ISM: U.S. Manufacturing Growth Slows Slightly, Faces COVID-Induced Challenges
Economic activity in the U.S. manufacturing sector grew at a slower pace in January compared with December, largely due to an increase in COVID-19 cases that caused labor shortages for manufacturers and their suppliers, according to the Institute for Supply Management's (ISM) (Tempe, Arizona) Report on Business. Industrial Info is tracking more than $25 billion in high- and medium-probability (70-99% chance of kicking off as planned) capital-spending projects in the U.S. Industrial Manufacturing Industry that are planned to begin construction in the first quarter.
The ISM's Purchasing Managers Index (PMI), which tracks 18 manufacturing industry sectors in the U.S, showed manufacturing activity slowed in January. The most recent month saw a PMI of 58.7%, down from 60.5% in December.
However, December's reading was the highest level in almost two and a half years, and close to a 16-year peak.
The executives surveyed indicated labor shortages at their facilities due to COVID-19 inhibited January's growth and will continue to do so until the crisis subsides. "Absenteeism, short-term shutdowns to sanitize facilities, and difficulties in returning and hiring workers are continuing to cause strains that limit manufacturing growth potential," said Timothy R. Fiore, Chair of the Institute for Supply Management Manufacturing Business Survey Committee.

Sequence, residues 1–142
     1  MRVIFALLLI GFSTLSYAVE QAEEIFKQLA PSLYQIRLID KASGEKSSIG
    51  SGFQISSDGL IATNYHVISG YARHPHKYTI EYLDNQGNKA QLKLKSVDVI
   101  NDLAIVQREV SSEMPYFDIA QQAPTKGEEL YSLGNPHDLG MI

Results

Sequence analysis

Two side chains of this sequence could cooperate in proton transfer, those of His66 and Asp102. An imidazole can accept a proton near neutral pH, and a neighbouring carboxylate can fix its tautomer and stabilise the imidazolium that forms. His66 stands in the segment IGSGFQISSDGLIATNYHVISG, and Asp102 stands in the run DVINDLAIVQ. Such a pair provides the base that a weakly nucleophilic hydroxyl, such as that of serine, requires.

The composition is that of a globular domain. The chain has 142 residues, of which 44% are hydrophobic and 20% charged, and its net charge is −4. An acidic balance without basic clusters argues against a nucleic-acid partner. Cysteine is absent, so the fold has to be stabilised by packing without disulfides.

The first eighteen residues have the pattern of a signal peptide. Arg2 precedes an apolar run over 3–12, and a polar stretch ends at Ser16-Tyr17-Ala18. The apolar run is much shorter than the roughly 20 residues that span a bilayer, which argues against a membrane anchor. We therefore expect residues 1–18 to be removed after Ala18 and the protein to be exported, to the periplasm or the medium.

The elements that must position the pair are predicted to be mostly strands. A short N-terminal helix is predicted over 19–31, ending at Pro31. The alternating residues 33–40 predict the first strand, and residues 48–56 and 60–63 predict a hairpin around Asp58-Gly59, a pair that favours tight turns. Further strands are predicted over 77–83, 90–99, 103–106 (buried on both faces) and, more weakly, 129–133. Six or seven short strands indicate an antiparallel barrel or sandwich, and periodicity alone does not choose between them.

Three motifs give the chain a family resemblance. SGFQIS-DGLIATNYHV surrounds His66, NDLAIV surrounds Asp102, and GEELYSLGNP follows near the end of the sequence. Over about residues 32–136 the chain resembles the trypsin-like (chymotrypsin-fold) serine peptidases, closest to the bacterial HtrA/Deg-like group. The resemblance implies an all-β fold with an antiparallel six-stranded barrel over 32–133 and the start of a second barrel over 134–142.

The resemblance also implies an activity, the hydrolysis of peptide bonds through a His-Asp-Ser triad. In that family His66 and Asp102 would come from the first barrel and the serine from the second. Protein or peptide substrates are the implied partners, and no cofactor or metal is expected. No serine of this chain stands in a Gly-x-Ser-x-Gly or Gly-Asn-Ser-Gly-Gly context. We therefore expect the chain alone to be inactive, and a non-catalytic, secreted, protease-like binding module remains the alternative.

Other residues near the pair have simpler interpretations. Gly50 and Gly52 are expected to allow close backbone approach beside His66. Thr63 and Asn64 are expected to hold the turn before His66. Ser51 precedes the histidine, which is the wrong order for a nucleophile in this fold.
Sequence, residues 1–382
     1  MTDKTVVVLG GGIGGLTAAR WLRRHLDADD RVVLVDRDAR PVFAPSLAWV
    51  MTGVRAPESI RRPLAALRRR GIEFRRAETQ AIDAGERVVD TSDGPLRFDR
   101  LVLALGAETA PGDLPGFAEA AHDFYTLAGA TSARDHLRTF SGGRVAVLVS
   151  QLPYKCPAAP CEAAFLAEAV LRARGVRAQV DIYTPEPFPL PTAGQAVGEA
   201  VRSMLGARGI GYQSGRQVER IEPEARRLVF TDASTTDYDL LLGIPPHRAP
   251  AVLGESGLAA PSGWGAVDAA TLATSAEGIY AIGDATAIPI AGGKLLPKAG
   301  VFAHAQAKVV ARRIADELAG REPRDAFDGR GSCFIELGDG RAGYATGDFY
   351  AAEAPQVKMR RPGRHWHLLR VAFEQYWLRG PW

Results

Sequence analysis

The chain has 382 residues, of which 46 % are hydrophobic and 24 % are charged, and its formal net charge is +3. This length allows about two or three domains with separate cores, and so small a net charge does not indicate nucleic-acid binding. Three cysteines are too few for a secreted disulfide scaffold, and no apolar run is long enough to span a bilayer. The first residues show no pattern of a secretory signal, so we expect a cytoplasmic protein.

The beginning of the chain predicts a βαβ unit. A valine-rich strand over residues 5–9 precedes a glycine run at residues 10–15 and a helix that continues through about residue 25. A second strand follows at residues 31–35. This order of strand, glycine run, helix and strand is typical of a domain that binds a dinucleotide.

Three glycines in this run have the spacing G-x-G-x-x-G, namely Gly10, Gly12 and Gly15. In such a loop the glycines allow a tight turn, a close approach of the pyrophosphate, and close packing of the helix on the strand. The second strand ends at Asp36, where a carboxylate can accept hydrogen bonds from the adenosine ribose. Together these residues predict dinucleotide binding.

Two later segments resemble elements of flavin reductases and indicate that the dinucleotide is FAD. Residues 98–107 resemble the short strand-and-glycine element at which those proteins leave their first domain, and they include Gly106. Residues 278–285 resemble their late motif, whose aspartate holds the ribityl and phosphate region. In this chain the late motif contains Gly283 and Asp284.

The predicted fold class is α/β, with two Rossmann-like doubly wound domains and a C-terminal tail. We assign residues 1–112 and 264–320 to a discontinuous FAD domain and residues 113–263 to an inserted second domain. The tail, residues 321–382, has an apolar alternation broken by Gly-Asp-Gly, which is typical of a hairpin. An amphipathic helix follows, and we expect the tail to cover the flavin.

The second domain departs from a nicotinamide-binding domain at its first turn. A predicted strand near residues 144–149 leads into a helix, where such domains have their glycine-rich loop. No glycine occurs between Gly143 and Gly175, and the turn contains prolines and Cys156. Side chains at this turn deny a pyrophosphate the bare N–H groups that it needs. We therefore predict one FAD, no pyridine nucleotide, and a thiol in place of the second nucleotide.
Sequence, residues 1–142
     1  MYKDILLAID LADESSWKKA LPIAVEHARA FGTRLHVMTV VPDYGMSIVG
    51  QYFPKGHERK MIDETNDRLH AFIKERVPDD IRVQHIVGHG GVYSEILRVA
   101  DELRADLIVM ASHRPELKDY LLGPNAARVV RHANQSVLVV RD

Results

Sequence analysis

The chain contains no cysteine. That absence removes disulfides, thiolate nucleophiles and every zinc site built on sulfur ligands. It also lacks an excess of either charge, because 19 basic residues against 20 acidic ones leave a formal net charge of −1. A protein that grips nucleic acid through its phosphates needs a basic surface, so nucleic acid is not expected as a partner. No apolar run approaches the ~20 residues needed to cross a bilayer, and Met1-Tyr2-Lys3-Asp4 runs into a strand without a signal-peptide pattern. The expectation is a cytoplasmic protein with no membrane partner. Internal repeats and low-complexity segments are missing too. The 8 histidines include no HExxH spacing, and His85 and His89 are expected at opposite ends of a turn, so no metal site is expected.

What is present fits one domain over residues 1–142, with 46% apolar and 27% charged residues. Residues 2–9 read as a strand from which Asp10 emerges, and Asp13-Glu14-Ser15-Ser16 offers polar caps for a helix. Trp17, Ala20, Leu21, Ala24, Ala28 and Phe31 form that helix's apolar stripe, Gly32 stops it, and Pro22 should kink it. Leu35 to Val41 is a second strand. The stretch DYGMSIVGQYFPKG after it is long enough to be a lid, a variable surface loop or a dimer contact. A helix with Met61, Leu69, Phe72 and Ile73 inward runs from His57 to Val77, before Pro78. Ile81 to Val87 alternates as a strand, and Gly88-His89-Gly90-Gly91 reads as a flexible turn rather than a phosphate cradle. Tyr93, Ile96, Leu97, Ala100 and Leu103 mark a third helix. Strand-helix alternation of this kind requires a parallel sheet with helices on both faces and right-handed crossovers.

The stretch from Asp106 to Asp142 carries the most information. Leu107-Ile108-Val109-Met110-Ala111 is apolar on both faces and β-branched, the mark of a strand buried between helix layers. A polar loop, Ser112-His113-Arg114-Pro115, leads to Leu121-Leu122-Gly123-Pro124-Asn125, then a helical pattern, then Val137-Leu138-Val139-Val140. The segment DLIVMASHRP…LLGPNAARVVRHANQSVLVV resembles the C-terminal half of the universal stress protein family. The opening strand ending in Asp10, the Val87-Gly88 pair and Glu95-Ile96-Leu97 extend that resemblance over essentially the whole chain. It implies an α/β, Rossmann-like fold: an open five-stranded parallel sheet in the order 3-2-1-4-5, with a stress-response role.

Manufacturers also noted a decline in supplier performance. The ISM's Supplier Deliveries Index highlighted difficulties with balancing COVID-19 disruptions and an increasing demand for goods. A reading below 50% indicates faster deliveries. The index for January registered 68.2%, 0.5 percentage points higher than December, meaning deliveries are slowing even further.
The index has gone up every month since August, and supplier's labor issues are not expected to subside in the near future. Seventeen of the 18 industries surveyed reported slower deliveries in January.
First-Quarter Industrial Manufacturing Project Kickoffs
NTT Global Data Centers, a subsidiary of Nippon Telegraph and Telephone Corporation (Tokyo, Japan), is preparing to kick off construction in March on a $1 billion Phase I grassroot data center in Mesa, Arizona. The first phase is part of a seven-phase, 1.5 million-square-foot data center campus project valued at $7 billion. Completion is expected in December. For more information, see Industrial Info's project report.
In the automotive sector, Toyota Motor North America Incorporated, a subsidiary of Toyota Motor Corporation (NYSE:TM) (Aichi, Japan), began construction earlier this month on an $830 million vehicle assembly plant expansion and equipment addition in Huntsville, Alabama, to enhance the production capacity of new Mazda and Toyota models at the plant. Completion is planned for the end of July. For more information, see Industrial Info's project report.
Port Freeport Incorporated's backland development expansion at its Velasco Terminal in Freeport, Texas, is currently in its engineering phase. Kickoff is scheduled for March, with completion in August 2022. For more information, see Industrial Info's project report.
Target Corporation (NYSE:TGT) (Minneapolis, Minnesota) is gearing up to kick off construction of its grassroot distribution center in Houston, Texas. The project, dubbed Project Bullseye, includes a 675,000-square-foot building on a 20-acre site, to provide fulfillment and distribution operations for the region. For more information, see Industrial Info's project report.